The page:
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Nikor 70300mm f4556G



Does anyone have any experience with the subject lens? Local dealer has it on sale.. wondering if it is worth buying. I have a D100 body.

Optically, a fine lens. But I do not like the "G" feature. I owned the regular version and sold it because the aperture was to slow for my F100 and F5. I shoot a lot of sports and found the lens always hunting. I dished out the cash and purchased a 80-200 f/2.8. THe lens never hunts.

If you are not shooting moving objects or if you are using the lens in fairly bright light, you will enjoy it.
Thanks for the reply..

as a relatively new Nikon user, can you elaborate a bit more on the G lens? I am not really familiar with it vs the D lens. From what I read, it says the G lens does not have an aperature ring; although the D lens does, it is not used as far as I can tell.. it must remain locked at f22 for the camera to work!

Actually, right now I have the 28-105mm 1:3.5-4.5 D lens on my D100, and quite frankly, the lens can't focus at all in dark (and I do mean dark) situations. Can't imagine another lens being much worse.
Regarding the G lens, you are correct in that newer Nikon camera bodies require one leaves a lens that has an aperture ring set to the minimum aperture anyway to the ring seems superfluous. You have to understand, however, that there are many many Nikon owners still using bodies that are up to decades old - one of Nikon's attributes has always been the high quality and longevity of their gear. It is those folks who whine about the lack of an aperture ring - as their older cameras don't have the ability to control aperture from a "command dial".

Now, along the way, Nikon has made some G type lenses in so-called "consumer" quality as well as "pro" quality. For ex&le, the 70-300 G you mentioned is a relatively inexpensive lens (usually about US$100). Nikon has a D version 70-300 with ED glass that by all accounts is much better optically (same aperture range). So the theory goes that the G lens is cheaper to make it more affordable.

However, Nikon's 70-200 f2.8 AFS VR lens is also a G type - and it's in the US$1500+ price range, clearly aimed for pros. Optically it is apparently quite excellent, following its predecessor the 80-200 f2.8 AFS.

So, for owners of new Nikon bodies, G lenses are fine as far as usability goes. Each G type lens should be reviewed independantly, though, as some are built to a higher standard than others.

Hope this helps,


PS: Am I the only one who finds this list annoying in that one cannot see the preceding thread when reading a response?
> PS: Am I the only one who finds this list annoying > in that one cannot > see the preceding thread when reading a response?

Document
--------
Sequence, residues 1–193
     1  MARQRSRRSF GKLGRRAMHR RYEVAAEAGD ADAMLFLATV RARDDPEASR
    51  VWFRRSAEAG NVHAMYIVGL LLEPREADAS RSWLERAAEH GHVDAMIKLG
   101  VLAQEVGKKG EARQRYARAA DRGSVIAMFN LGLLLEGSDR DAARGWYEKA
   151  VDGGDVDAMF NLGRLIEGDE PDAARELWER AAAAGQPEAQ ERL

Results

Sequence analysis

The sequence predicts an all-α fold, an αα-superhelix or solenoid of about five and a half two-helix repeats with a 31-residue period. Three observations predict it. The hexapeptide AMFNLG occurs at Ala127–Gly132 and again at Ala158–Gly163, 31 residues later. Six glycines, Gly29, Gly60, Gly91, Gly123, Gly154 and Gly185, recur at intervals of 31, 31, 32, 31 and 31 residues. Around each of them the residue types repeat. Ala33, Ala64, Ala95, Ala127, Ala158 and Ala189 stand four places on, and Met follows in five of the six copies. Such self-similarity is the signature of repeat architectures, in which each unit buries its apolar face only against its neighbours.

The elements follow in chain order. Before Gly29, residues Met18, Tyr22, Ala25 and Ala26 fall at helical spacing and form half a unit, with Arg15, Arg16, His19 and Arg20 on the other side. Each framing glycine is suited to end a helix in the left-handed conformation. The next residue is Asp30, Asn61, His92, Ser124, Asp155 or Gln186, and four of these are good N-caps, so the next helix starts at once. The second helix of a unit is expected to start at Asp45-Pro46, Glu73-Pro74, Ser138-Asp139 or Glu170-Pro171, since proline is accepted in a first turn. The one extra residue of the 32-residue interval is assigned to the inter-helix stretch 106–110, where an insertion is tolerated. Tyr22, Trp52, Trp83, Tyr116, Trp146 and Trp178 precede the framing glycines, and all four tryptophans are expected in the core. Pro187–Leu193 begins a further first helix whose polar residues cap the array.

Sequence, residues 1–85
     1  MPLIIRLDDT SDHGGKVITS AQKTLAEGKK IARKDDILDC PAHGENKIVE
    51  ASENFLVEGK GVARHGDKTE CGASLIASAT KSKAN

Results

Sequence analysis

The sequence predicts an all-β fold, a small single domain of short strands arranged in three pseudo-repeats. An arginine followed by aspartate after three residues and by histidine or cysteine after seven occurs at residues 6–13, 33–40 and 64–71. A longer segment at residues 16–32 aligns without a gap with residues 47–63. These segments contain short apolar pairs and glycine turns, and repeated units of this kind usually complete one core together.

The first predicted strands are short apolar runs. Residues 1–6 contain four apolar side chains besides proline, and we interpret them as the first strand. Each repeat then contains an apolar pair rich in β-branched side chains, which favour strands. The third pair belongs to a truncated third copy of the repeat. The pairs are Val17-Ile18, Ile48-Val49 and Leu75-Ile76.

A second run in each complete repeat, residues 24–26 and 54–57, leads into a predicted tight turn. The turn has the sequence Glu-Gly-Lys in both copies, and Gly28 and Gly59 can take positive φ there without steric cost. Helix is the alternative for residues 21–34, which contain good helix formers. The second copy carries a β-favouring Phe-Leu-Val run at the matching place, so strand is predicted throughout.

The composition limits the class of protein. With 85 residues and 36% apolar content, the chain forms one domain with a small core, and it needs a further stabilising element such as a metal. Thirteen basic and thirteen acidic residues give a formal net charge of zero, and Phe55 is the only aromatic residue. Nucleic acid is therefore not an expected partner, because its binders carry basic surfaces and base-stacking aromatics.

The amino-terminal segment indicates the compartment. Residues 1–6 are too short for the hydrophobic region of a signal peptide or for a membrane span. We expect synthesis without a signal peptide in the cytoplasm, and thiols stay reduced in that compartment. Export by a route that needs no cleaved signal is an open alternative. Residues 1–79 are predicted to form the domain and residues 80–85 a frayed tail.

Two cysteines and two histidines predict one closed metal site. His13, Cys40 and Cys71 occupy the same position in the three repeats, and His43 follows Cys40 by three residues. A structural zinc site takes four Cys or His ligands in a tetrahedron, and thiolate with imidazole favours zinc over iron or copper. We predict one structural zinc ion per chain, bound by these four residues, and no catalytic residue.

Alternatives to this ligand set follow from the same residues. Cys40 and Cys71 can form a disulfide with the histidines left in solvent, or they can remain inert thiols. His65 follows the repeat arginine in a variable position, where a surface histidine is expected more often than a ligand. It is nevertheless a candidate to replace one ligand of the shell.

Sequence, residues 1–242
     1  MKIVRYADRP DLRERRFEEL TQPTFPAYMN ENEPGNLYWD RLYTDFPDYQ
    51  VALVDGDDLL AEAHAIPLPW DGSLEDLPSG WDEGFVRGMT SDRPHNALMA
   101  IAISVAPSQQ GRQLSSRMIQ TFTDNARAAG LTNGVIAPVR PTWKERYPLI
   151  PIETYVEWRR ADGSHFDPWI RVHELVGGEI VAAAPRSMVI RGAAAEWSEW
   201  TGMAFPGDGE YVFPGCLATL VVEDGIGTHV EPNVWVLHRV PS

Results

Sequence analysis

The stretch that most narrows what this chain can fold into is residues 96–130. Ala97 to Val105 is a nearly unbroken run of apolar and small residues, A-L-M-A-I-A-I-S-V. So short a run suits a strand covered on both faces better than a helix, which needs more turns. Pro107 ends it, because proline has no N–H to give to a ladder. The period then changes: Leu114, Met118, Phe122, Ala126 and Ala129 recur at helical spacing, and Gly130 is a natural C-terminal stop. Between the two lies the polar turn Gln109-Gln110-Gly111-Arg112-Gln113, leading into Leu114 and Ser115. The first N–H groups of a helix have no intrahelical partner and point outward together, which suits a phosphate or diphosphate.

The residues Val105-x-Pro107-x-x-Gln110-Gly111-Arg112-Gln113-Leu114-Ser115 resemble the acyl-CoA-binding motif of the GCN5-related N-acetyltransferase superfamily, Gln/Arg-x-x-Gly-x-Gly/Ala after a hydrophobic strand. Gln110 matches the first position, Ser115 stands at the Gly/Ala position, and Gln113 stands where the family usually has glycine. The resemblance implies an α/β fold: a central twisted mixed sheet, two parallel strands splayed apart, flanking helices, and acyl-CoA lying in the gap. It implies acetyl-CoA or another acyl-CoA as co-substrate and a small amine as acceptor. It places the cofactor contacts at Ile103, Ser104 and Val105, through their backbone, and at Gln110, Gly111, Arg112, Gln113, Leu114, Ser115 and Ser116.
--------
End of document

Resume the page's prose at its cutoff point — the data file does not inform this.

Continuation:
You're not alone...

Bob Fowler

> The aperature ring on D lenses can be used on manual cameras that use AI or AIS lenses, so is quite useful in that regard. As far as using the 28 - 105 D lens in the dark, no AF lens is designed to be used in the dark. They use light contrast to perform their AF function. Placeing a Nikon dedicted flash on with "light assist" can help in "low light" situations.
Thanks for the reply Bob.

Not sure about the list annoyance.. seems to be ok with me.. all the messages are on one page that I can scroll up and down to view.

sorry to "hitch" a ride on your post Paul, but i was having a similar problem / question. is there a fundamental difference between the 70-300 f4-5.6D and G? other than the metal and plastic mounts respectively...how about optics wise? i mean, i am a new user and i can't really tell the difference...and with the ED and all that...need to know soon, as i am buying, and the seller may sell it off to someone else if i don't reply in time! :/
> [Ken Rockwell's site addresses this, for instance

where he says " The only visible differences between the G and ED are:

1.) ED lens has metal mount, G has plastic. (also a slight difference in weight) 2.) ED has aperture ring, G does not

The similarities are:

1.) Same specs for number of lens groups and elements 2.) Same size 3.) Same AF speed and gearing 4.) Same close focus distance 5.) Same nice 9-blade diaphragm 6.) Looks like the same optics inside and identical movement of the lens groups while zooming and focussing


It has thirteen elements in nine groups.

It takes 62mm filters.

It is 4.6" (117mm) long by 2.9" (74mm) around and weighs 17 oz (480g).

It focusses as close as 4.9 feet (1.5m), which is pretty good at 300mm.

It takes the HB-26 hood which seems identical to the HB-15 hood of the 70-300 ED lens.

It is also D compatible.

It has a great nine-bladed diaphragm."


" Performance

I have no idea. I will guess it's the same as the 70-300mm f/4-5.6D ED AF lens. I doubt these lenses have different optics, although this G lens may have sloppier mechanics leading to poorer results.

AF speed is identical to the 70-300mm f/4-5.6D ED AF, which is slow. One full turn of the AF screw brings one from infinity to 40 feet. The 70-210mm f/4-5.6D AF is much, much faster.


If you are looking for a cheap zoom for your mom or for light weight, give this a look. I can't see any reason to buy the so-called ED version over this except for the metal mount and compatibility with my manual focus cameras.

For $130 US how can you go wrong? Idiots on eBay keep bidding the prices of these up above what they could buy them for new from a legitimate dealer! Try one here and if you hate it send it back.

I doubt the glass is any different between the ED and G versions. Remember that the ED version really seems to be made by Tamron and only one small internal element claims to be ED probably for marketing and promotional reasons, not any of the important front elements. I don't really consider that the "ED" moniker means anything on the ED version.

Of course the only thing that matters is photography, and I have not shot with this lens. Try it and see.


hope it helps.